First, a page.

When I give talks about patient safety, I usually include a slide called, "Why Pilots Won't Nurse." It's an attention getter, one that draws smiles and sometimes fosters an "a-ha" moment for students, seasoned clinicians, and administrators.
I think that pilots won't nurse because, as a group, pilots are knowledgeble enough to reject systems that lack sufficient barriers, redundancies, and opportunities to uncover and rectify potentially lethal errors that have been set in motion. Commericial aviation isn't fool-proof, but the industry's 1 in 6 million crash rate shows what can be accomplished in high stakes domains when adequate barriers, redundancies, and recovery ops are in place.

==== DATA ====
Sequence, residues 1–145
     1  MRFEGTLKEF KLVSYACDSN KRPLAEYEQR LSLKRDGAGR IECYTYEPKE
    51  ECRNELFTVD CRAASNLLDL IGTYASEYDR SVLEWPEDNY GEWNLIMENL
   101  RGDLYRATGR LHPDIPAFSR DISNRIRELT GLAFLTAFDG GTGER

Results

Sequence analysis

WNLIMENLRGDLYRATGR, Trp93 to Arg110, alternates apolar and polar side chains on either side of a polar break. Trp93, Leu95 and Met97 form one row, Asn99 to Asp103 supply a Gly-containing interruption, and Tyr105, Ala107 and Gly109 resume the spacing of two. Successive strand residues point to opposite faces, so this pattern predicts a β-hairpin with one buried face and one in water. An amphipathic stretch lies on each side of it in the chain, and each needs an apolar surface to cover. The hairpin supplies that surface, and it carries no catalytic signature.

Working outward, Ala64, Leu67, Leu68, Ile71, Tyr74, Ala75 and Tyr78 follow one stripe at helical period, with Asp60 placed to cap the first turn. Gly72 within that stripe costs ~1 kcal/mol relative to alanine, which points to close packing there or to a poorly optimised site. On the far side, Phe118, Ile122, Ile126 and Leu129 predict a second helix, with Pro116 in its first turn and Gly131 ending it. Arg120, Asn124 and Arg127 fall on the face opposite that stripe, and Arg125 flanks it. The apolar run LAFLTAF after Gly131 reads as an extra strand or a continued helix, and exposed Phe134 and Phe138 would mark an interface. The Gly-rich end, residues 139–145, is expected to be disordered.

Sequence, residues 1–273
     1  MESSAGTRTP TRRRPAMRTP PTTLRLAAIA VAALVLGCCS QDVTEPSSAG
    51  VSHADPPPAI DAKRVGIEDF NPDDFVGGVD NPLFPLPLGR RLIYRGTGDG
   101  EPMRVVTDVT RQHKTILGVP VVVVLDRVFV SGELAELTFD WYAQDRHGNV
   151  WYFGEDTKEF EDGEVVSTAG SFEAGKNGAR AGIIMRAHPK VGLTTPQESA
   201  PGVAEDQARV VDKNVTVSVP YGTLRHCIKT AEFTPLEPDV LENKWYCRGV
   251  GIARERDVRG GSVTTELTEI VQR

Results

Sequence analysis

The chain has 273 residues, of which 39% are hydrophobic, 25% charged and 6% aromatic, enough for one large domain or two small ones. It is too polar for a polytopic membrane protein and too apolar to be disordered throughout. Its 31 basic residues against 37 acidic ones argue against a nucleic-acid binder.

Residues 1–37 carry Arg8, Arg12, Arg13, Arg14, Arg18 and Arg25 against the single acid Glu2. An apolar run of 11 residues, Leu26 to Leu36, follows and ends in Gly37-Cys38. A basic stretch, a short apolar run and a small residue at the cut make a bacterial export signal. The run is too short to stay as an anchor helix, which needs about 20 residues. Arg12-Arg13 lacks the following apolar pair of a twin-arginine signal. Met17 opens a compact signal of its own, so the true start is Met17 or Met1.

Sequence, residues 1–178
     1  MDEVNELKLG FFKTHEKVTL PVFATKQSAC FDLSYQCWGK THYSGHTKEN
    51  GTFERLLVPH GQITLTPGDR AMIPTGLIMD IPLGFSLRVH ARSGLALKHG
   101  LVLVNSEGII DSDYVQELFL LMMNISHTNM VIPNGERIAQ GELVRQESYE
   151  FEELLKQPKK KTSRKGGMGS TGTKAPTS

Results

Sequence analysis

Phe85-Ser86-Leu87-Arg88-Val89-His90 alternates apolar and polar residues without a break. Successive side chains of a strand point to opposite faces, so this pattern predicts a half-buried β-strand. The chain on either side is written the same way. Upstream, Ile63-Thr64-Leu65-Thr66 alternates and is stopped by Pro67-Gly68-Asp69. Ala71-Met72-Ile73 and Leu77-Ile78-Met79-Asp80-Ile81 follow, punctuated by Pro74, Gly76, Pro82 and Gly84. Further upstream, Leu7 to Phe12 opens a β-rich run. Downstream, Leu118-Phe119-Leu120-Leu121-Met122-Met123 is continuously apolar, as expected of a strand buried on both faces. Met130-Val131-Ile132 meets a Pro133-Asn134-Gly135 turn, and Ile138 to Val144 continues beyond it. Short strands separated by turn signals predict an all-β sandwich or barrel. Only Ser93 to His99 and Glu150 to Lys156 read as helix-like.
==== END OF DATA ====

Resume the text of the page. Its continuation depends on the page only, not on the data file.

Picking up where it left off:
I could add another slide: why pilots don't practice pharmacy. And there's no better place to read why than Bob Wachter's thanksgiving day post about the tragic case in Ohio, one in which a little girl lost her life, a family dissolved, and a pharmacist went to jail.
Late last summer, Mike Cohen, the president of the Institute for Safe Medication Practices, published An Injustice Has Been Done about what happened to pharmacist Eric Cropp in the aftermath of little Emily Jerry's death. Bob and Mike talked about what Eric's case means, for professionals and for patient safety in a CareFusion webinar (the recording is available here). Thanks for speaking up.